The rise of Asia as a region with major golf appeal and potential and the global growth of golf set the agenda at the 2014 HSBC Golf Business Forum.
More than 260 golf business leaders from 30 countries attended the three-day event at the Westin Abu Dhabi Golf Resort & Spa, connecting leading companies, organisations and individuals.
Focusing on the dramatic rise of golf in the Far East over the past 30 years and the region’s growing influence on the global golfing landscape, an expert Asian panel highlighted the successes and challenges facing the sport in the fastest growing market for golf development in the world.
The panel was made up of Dominic Wall, Director Asia-Pacific, R&A, Mike Kerr, Chief Executive, Asian Tour, Nathan Andrews, President, Lavasa Corporation, and Midori Miyazaki, Executive Director for International Affairs, ISPS.
During the session moderated by Spencer Robinson, Chief Communications Officer, Asian Golf Industry Federation, it was revealed that 600 courses are already open in China while it is estimated up to 1,500 courses are required to satisfy current demand in the world’s most populous country.
Not only did the dedicated 45-minute discussion focus on the shift of blue riband sponsors such as HSBC to the professional game in Asia, but also the launch of The R&A and Masters Tournament-inspired Asia Pacific Amateur Championship.
There was also an update on the pressing issues of land and water shortages that face the game across Asia and threaten to continue the slowdown in golf course construction.
While Wall spoke about the impact of the China Government’s continuing moratorium on golf course construction, Andrews explained the hurdles that developers in India must tackle.
Robinson, meanwhile, outlined a recent announcement from the Singapore Government that confirmed a decision not to renew the leases of a couple of courses when they expire and also the loss of six holes at Tanah Merah Country Club’s award-winning Garden Course, a past venue for the HSBC Women’s Champions.
Based on widespread media reports, concerns have also been raised about the long-term well-being of the venerable Hong Kong Golf Club with the China Special Administrative Region Government saying more land is needed on which to build housing for a spiralling population.
In regard to the burgeoning professional game in Asia, Robinson said the number of tournaments had grown from less than a dozen in 1984 to more than 150 now with the Japan Golf Tour, Asian Tour, OneAsia Tour, ASEAN Golf Tour and PGA Tour of China among those vying for sponsors and media space.
The continued push into the region of the European Tour, US PGA Tour and LPGA Tour was also discussed while Kerr predicted that the ‘fragmentation of the Asian market will lead to consolidation of the professional Tours’.
Despite the significant impact that Japanese poster boy Ryo Ishikawa has had on raising the profile of the game in his native Japan, Miyazaki highlighted the worrying decline in number of players in the country and spoke of the necessity for sponsors to think ‘outside the box’ to capture the imagination of the public at large.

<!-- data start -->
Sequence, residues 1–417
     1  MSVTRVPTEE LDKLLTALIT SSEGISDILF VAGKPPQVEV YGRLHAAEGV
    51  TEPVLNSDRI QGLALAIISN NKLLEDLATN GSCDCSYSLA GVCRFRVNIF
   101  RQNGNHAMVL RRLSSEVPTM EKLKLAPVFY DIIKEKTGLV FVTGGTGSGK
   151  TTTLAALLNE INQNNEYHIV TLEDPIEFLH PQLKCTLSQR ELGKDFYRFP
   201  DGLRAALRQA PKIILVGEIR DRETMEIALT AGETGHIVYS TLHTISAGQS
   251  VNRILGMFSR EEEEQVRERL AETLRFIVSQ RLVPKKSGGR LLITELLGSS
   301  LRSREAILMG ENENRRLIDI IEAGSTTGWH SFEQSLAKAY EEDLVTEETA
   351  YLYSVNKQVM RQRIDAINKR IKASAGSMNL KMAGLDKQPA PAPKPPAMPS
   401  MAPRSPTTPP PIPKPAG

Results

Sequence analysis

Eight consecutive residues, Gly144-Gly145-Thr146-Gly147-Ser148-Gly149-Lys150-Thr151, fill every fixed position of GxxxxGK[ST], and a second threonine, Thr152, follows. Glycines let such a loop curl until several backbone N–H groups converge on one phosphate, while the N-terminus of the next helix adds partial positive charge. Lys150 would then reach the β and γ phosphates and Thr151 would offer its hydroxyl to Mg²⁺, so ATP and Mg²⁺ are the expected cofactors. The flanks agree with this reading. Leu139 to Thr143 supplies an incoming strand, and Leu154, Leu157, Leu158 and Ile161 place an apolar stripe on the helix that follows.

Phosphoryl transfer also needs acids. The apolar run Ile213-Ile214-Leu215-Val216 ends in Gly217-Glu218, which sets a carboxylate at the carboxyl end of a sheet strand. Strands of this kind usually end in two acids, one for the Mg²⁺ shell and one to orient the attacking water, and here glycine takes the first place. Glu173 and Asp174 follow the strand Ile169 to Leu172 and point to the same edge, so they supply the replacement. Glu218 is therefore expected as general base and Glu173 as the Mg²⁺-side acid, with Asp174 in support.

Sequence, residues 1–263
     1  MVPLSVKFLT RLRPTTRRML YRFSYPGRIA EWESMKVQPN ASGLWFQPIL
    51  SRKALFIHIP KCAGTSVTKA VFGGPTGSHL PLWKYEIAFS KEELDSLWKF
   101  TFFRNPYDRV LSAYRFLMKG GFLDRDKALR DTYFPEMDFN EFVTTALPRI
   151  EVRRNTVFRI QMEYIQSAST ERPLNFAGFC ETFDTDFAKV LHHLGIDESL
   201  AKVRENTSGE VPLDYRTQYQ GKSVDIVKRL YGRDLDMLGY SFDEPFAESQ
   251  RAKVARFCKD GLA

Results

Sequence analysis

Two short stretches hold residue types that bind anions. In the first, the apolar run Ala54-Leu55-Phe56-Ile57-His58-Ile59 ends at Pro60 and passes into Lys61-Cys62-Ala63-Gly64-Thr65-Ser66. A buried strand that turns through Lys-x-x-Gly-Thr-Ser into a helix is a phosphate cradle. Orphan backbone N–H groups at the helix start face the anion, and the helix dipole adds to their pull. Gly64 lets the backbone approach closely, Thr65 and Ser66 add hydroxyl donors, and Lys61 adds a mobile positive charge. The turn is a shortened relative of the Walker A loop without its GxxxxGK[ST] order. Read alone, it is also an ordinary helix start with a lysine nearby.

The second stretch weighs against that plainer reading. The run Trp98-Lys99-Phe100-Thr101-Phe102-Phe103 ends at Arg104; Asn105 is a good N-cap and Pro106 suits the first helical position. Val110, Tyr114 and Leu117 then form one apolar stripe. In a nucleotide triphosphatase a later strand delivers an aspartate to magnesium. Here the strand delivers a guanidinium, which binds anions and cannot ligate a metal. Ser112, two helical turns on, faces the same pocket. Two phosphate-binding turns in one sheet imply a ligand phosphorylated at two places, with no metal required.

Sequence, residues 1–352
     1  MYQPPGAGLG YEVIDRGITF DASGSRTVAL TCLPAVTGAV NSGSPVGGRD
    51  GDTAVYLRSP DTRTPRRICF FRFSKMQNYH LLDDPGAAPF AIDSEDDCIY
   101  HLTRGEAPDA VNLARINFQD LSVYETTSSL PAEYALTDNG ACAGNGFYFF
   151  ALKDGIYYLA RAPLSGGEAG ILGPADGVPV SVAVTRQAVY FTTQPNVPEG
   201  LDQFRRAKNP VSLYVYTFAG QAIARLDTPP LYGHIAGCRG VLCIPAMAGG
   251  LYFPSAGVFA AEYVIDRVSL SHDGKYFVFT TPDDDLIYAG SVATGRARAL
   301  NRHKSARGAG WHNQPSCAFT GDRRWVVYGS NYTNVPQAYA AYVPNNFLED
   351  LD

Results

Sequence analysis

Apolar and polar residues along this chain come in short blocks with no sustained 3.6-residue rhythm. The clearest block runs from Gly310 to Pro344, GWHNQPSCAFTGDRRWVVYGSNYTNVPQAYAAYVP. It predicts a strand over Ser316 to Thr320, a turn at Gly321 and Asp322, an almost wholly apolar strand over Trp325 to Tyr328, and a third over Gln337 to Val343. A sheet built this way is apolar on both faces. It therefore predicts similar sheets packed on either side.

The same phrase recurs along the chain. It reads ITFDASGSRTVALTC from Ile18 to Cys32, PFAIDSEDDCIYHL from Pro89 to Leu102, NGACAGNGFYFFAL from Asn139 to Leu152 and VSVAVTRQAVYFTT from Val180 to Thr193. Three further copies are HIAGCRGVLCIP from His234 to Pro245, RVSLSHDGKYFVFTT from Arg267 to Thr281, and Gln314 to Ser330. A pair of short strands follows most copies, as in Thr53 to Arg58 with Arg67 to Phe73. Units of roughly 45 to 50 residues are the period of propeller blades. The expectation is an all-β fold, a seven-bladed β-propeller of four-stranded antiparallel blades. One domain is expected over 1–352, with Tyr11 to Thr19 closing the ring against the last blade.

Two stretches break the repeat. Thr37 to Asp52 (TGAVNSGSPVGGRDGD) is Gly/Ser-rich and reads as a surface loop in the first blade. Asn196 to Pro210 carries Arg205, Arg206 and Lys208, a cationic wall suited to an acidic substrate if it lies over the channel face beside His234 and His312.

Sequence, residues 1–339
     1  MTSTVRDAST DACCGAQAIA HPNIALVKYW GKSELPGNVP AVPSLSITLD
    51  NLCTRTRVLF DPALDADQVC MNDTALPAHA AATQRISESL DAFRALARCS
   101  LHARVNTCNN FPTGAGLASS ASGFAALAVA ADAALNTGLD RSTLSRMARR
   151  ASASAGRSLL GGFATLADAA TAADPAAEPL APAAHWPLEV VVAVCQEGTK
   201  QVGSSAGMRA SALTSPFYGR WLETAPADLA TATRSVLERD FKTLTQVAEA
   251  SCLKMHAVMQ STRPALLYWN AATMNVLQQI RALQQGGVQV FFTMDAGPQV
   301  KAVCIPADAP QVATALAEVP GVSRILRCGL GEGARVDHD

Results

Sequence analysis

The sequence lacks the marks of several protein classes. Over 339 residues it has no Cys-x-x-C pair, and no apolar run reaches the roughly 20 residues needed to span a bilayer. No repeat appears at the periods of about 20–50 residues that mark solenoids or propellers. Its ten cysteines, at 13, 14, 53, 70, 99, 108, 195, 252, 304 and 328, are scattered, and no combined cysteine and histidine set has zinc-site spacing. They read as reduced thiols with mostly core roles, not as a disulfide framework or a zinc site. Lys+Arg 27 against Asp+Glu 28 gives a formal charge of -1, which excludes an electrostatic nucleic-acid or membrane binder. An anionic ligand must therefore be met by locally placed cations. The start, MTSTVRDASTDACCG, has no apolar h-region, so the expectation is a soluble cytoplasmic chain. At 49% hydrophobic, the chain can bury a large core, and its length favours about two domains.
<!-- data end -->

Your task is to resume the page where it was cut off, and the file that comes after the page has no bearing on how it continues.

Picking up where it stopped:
Other prominent golfing figures also predicted a greater prominence for Asia in the golfing world with IMG’s Guy Kinnings suggesting the next global superstar will come from either China or Korea, while R&A Chief Executive Peter Dawson responded to a call for a Major championship in Asia.
Dawson said: “Clearly, it is illogical that as golf in Asia grows there would be three Majors in America and one in the UK. It is not possible for a golfing body to determine an event in Asia should become a Major, but I have no doubt it will happen in due time.”
Speaking about the international opportunities for the golf business, Giles Morgan, HSBC Global Head of Sponsorship and Events, called for a customer-centric approach to drive increased participation in established and emerging markets.
“Golf needs to take a broader approach, it is not just about the game,” he said. “Golf must be flexible, it must reflect the zeitgeist for inclusion, it must ensure it is sustainable, and it must uphold the traditions of the game but instigate innovation.”
The opportunity for golf to capitalise on its inclusion in the Olympics at Rio 2016 was discussed in a leaders’ question time featuring Antony Scanlon of the International Golf Federation, sports executive Donna Orender, Dawson and Kinnings.
Scanlon said: “Golf at the Olympics has a potential TV audience of 3.4 billion. I don’t think everything will change immediately, but we have an opportunity around the halo effect – three weeks after the Olympics 75% of viewers will have seen a sport they hadn’t seen before.
“I think it is a great opportunity to showcase men and women being equal in golf.”
The R&A’s Wall added: “I can see an Asian player taking the golf medal in Olympic golf in the next 10 years.”
As if further evidence of Asia’s standing in the global game was required, it came during the wrapping up of the conference when Kinnings dropped a strong hint that the 2015 HSBC Golf Business Forum would be heading to Shanghai.